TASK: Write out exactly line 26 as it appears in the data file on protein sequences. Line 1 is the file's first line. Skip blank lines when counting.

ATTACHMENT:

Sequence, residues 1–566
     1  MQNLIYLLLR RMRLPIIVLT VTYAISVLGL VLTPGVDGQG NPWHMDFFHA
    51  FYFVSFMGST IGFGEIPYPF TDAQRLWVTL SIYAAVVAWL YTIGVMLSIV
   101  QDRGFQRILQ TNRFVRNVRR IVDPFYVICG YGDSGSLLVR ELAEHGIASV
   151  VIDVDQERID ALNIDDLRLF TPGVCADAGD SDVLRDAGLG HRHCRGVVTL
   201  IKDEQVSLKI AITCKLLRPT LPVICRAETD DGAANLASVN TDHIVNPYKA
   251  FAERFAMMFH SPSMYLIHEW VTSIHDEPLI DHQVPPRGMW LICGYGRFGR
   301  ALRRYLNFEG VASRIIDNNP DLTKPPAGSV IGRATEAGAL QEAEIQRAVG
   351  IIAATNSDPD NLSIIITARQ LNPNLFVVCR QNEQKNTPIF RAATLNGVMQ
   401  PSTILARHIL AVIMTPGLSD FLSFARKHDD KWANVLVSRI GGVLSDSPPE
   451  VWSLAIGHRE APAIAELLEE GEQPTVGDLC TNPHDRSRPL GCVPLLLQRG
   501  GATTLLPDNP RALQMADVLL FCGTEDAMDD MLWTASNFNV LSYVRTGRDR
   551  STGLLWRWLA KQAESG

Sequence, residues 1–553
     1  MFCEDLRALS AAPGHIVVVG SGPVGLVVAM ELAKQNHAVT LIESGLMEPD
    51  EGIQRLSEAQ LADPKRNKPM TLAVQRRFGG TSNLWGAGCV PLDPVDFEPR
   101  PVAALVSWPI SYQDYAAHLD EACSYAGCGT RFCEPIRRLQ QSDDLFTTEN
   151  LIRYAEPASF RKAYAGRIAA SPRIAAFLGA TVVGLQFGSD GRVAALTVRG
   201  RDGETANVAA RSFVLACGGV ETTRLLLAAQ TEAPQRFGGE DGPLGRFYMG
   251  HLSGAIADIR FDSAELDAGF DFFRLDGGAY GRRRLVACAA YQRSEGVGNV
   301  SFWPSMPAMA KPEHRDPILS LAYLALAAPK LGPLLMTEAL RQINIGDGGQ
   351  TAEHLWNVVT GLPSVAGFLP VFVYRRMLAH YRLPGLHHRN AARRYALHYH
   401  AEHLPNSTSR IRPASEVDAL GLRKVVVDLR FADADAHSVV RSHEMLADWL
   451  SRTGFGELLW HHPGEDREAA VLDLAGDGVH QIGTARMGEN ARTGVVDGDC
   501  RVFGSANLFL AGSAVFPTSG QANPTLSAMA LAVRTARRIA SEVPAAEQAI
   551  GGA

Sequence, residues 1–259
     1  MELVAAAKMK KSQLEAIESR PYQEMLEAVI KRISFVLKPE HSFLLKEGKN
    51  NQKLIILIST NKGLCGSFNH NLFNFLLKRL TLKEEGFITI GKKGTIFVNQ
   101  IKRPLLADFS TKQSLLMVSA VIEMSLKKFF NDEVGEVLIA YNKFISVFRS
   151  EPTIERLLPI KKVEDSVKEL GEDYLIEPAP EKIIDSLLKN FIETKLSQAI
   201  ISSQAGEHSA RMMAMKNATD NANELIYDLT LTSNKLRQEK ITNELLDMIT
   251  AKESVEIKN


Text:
   551  GGA